In 2011, Linda commissioned a landmark initiative to assess every state’s laws as they relate to or impact domestic minor sex trafficking. This project, the Protected Innocence Initiative, is a strategy to comprehensively combat child sex trafficking by identifying gaps in state laws and providing a blueprint for legislative action. Washington State Attorney General Rob McKenna spoke in support of this initiative, stating that the attention it draws to the issue is necessary to create effective change. Additionally, Linda designed an integrated training and awareness model, Do You Know Lacy?, aimed at educating a variety of audiences using a multi-dimensional approach.
As a foremost expert on international and domestic trafficking, Linda has spoken out against the trafficking of women and children in numerous Congressional hearings and in national and international forums, such as the World Conference on Trafficking and the U.S.-Russia Bilateral Presidential Commission on the Protection of Children. Linda has participated in more than 300 media interviews, and has appeared on CNN, MSNBC, USA Today, Dan Rather Reports, ABC News, the Dr. Phil show, O’Reilly Factor, and CBN. Linda received the 2009 Soroptimist Making a Difference for Women Award and the 2010 Soroptimist Ruby Award: For Women Helping Women. Linda has been published in news outlets and journals around the world; including The New York Times, the Fletcher Forum of World Affairs, the International Review of Penal Law, and the Regent University Law Review.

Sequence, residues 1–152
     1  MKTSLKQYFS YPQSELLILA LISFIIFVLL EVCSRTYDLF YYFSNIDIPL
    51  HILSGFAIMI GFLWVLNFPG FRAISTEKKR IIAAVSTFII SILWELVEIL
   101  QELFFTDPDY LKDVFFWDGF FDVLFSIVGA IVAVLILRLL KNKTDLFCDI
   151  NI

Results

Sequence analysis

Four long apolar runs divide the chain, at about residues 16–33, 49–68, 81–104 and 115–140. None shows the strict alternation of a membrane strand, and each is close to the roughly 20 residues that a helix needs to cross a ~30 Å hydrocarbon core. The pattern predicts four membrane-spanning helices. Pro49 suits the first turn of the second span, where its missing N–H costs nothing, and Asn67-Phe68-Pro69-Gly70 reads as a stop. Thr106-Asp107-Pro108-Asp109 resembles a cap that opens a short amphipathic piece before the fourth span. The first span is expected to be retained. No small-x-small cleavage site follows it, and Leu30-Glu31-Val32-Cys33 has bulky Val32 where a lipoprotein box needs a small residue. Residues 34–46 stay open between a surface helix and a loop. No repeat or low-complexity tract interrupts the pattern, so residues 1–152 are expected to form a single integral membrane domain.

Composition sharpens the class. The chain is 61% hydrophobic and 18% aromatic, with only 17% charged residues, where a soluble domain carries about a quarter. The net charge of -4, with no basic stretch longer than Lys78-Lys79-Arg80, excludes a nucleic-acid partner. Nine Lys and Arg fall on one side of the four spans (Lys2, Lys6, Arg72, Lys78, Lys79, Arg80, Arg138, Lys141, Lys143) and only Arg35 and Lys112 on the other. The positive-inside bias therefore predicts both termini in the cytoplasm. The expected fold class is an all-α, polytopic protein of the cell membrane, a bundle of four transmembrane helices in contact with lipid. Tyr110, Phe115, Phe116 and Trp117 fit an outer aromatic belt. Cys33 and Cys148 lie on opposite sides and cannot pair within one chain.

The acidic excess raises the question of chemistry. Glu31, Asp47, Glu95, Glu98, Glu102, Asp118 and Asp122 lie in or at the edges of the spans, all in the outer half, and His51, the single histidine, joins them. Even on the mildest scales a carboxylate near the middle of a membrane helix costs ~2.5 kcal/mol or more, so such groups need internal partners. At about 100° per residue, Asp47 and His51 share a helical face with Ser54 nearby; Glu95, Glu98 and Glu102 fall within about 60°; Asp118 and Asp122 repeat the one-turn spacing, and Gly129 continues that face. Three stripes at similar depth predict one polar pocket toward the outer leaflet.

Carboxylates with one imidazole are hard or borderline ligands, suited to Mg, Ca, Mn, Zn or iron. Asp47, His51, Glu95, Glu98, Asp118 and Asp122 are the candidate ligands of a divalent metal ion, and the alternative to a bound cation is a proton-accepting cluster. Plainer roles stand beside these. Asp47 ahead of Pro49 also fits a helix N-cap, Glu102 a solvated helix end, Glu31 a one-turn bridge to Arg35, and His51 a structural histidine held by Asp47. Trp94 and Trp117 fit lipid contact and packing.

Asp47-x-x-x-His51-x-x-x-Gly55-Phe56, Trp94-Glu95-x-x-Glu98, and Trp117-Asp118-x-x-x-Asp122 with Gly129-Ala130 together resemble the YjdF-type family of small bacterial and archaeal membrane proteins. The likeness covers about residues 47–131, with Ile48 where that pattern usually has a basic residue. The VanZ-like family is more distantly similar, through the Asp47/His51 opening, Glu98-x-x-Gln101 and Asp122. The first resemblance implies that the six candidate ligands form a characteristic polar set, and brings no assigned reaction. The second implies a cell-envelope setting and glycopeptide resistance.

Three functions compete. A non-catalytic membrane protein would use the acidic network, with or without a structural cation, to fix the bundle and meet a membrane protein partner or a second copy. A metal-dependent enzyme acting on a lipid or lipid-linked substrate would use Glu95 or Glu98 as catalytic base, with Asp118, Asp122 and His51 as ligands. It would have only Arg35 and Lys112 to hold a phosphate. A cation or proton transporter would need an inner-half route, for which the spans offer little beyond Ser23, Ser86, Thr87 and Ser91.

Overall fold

Linda’s political career began in 1983 as a Washington State legislator. From 1983 to 1993, Linda served as a member of the Washington State House of Representatives (1983-86) and State Senate (1987-93). During her time as Senator, Linda chaired the State Senate Children and Family Services Committee, overseeing programs related to issues of children and families with a focus on protection, restoration, adoption, child welfare, drug rehabilitation, and homeless children. While in office, Linda drafted a package of foster care bills that provided greater permanency for foster youth by limiting the number of times they could be moved. In 1994, she was elected to the U.S. Congress following a remarkable grassroots write-in campaign where she defeated the only Republican candidate listed on the primary ballot. While in Congress she became known for her stand against taking special interest money and served on the House Foreign Affairs Committee, a position that provided her initial exposure to the horror of sex slavery. Her compassionate and uncompromising belief that every individual has dignity has carried her from advocating for permanent safe homes for children as the State Senate chair of the Children and Family Services Committee, to the halls of Congress, and ultimately to searching out victims in red light districts around the world. Linda and her husband, Vern, reside in Vancouver, Washington and are the proud parents of two and grandparents of six.